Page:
April 23, 2013
You sweat your strategy. You labor over your logo. You fine-tune your voice and massage your message. But at a certain point, you have to let go. And if you’ve done the right things in creating your brand, customers will pick it up and make it their own.
In fact, some brands seem to be wholly owned by their customers. In most cases, that’s by design. Sometimes it’s by accident. But all great brands understand precisely what their customers love about them and go from there.
Not all brands can pull this off, however, and things can go tragically and hilariously wrong. Remember when Chevy encouraged consumers to go online and create their own TV spots? They probably wish they hadn’t.
But in the best scenarios, the results can be straight-up awesome.
Here are three examples of brands that thrive in the hands of the masses.
The week after Easter is basically Judgment Day for unsold candy, but for Peeps, it’s an amazing time. Deeply discounted, these marshmallow wonders find their way into Peep-eating contests and diorama-building competitions. While the people at Just Born Candy (who manufacture Peeps) certainly encourage this mania, it’s largely a grassroots effort. Community groups sponsor the events, and images of the results can fill an afternoon’s worth of Internet searches (trust us on that one). The delightful conclusion? The makers of Peeps are fans of Peeps fans. And it shows.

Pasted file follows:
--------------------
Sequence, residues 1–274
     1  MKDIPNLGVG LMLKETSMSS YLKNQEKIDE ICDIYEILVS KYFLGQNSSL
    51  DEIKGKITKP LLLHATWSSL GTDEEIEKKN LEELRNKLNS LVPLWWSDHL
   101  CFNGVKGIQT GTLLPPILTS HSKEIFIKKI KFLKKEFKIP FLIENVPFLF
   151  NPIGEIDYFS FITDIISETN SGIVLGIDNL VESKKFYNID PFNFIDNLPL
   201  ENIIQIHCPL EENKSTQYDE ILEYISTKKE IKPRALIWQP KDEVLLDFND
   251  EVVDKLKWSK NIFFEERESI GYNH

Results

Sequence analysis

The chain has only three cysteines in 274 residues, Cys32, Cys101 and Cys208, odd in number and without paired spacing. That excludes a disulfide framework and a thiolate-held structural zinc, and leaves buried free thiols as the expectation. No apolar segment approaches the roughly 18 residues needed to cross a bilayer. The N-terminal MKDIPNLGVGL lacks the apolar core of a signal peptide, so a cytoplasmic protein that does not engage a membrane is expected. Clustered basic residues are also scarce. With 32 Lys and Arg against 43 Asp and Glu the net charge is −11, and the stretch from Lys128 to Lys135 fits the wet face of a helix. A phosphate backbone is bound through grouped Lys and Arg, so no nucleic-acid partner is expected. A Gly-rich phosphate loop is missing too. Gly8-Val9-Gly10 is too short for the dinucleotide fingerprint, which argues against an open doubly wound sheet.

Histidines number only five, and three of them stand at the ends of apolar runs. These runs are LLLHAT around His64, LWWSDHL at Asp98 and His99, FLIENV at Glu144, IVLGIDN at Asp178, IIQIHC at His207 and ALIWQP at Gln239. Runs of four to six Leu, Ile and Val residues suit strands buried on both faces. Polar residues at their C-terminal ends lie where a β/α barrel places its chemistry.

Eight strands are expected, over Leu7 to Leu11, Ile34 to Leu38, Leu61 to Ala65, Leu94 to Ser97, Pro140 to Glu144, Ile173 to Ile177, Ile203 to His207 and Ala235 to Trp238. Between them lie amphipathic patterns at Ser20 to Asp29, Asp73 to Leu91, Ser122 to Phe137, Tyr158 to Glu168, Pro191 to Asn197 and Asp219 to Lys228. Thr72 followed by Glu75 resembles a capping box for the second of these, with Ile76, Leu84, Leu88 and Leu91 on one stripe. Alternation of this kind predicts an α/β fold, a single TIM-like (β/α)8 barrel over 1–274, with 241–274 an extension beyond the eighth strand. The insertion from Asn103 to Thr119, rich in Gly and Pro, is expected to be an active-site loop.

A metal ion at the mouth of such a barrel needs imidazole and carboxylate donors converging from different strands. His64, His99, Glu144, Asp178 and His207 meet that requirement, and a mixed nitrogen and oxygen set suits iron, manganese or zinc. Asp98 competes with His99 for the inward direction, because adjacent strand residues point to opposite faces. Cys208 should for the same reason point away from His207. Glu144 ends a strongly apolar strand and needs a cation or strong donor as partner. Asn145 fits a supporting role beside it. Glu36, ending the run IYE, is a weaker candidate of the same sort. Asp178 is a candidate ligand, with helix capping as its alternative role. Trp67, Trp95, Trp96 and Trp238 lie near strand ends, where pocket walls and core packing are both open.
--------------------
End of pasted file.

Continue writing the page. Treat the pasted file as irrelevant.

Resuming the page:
Sometimes a brand stumbles onto a following. Long before the manufacturer of Duck Tape took notice, legions of duct-tape adherents were creating their own off-label applications: everything from unorthodox home repairs to full tux-and-gown ensembles. The company gained an edge because it understood its customers’ passions and catered to them. The evidence? An annual $5,000 Stuck at Prom Scholarship Contest, and an ever-growing collection of Duck Tape featuring rainbow colors, animal prints, and sports team logos.
And then there’s GoPro. This maker of rugged, high-quality video cameras knows that, above all else, its users love to shock, amaze, and share. And GoPro rewards them by showing off the typically jaw-dropping footage generated by its volunteer army of gonzo cinematographers. The result is an endlessly watchable mutual-admiration loop, where the camera is as much the star as the subject.
Many other brands thrive in their customers’ hands. Doritos has perfected the fan-generated Super Bowl spot. Apple has built an entire brand on what consumers do with its products. And consider how many “Got Milk?” parodies exist, perpetuating a brand campaign that’s 20 years old.
Can every brand replicate successes like these? Maybe not. But any brand can benefit from knowing its audience and understanding why they think it’s special.
So if you celebrate that enthusiasm, and show your audience you care about them, your brand will do just fine out there on its own.